Short Takes

September 2018 Issue




Cats Do Not Always Land on Their Feet

Even if they do, the chance of an injury is high

belovodchenkok|Deposit Photos

Cats do an amazing job landing on their feet, but only when they have time to re-orient themselves. Cats in free fall immediately go about righting themselves in a race against the clock. In other words, if the fall is high enough, they may have time to get upright. Cats right themselves from front to back, righting the head and front feet then the back feet.

Cats are able to rotate their supple spines more than many other animals and can twist their bodies to a much greater extent. Cats’ vertebrae are flexibly connected and have especially elastic cushioning disks between them. This spine allows cats to perform their elegant and graceful acrobatic feats.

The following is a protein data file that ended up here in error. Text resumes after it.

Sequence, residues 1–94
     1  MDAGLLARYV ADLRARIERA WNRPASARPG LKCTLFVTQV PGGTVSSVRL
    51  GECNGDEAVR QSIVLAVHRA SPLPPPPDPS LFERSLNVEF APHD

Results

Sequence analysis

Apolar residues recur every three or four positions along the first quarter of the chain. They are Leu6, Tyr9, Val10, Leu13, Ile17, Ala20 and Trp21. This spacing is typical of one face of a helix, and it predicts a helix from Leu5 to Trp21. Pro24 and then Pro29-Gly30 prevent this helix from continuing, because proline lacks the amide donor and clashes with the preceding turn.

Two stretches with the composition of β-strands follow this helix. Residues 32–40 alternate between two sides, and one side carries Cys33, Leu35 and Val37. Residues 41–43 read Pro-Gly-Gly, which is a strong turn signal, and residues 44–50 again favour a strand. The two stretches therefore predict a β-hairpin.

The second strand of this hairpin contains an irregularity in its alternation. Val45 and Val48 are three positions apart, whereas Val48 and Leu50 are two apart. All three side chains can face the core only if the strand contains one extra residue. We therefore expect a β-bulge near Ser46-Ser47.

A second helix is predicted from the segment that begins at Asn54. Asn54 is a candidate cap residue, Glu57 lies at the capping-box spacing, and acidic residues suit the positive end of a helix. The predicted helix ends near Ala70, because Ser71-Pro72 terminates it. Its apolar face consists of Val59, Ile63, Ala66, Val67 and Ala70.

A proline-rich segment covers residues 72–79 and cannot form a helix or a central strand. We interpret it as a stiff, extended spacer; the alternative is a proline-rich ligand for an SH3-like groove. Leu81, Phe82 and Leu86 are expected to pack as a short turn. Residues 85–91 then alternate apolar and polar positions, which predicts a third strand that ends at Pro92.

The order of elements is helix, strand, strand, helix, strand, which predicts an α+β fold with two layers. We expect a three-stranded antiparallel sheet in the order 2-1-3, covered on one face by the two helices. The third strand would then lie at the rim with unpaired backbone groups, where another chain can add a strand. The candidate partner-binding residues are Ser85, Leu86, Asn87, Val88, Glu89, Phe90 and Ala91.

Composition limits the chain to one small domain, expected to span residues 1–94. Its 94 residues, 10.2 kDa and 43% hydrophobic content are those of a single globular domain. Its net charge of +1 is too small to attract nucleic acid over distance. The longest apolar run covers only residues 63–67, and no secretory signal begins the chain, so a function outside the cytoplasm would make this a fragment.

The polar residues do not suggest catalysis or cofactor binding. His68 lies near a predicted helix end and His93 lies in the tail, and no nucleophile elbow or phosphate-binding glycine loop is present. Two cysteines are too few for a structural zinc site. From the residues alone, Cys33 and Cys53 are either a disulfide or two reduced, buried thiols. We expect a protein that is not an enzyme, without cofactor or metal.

However, they do get injured and, of course, the higher the drop, the higher the chance of them getting hurt. One study that analyzed data from incidents of cats falling found 90 percent of cats studied suffered chest trauma, including dangerous bruises on their lungs or a collapsed lung. Some cats suffered facial trauma (57 percent), broken limbs (39 percent), and dental fractures (17 percent), among other injuries. Nearly four in 10 needed emergency life-sustaining treatment. Any cat who has sustained a fall from a high perch should be examined by a veterinarian.